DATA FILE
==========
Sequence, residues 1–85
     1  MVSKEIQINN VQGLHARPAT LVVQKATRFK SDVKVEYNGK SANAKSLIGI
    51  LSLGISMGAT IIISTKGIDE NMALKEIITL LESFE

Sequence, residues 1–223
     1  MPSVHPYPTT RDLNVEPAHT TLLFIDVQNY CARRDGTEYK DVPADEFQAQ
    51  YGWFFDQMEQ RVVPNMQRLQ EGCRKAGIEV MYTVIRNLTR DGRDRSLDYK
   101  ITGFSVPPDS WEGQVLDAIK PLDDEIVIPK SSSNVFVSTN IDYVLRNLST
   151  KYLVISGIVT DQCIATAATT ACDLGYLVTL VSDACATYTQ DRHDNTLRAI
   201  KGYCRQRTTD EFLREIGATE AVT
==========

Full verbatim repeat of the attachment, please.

Sequence, residues 1–85
     1  MVSKEIQINN VQGLHARPAT LVVQKATRFK SDVKVEYNGK SANAKSLIGI
    51  LSLGISMGAT IIISTKGIDE NMALKEIITL LESFE

Sequence, residues 1–223
     1  MPSVHPYPTT RDLNVEPAHT TLLFIDVQNY CARRDGTEYK DVPADEFQAQ
    51  YGWFFDQMEQ RVVPNMQRLQ EGCRKAGIEV MYTVIRNLTR DGRDRSLDYK
   101  ITGFSVPPDS WEGQVLDAIK PLDDEIVIPK SSSNVFVSTN IDYVLRNLST
   151  KYLVISGIVT DQCIATAATT ACDLGYLVTL VSDACATYTQ DRHDNTLRAI
   201  KGYCRQRTTD EFLREIGATE AVT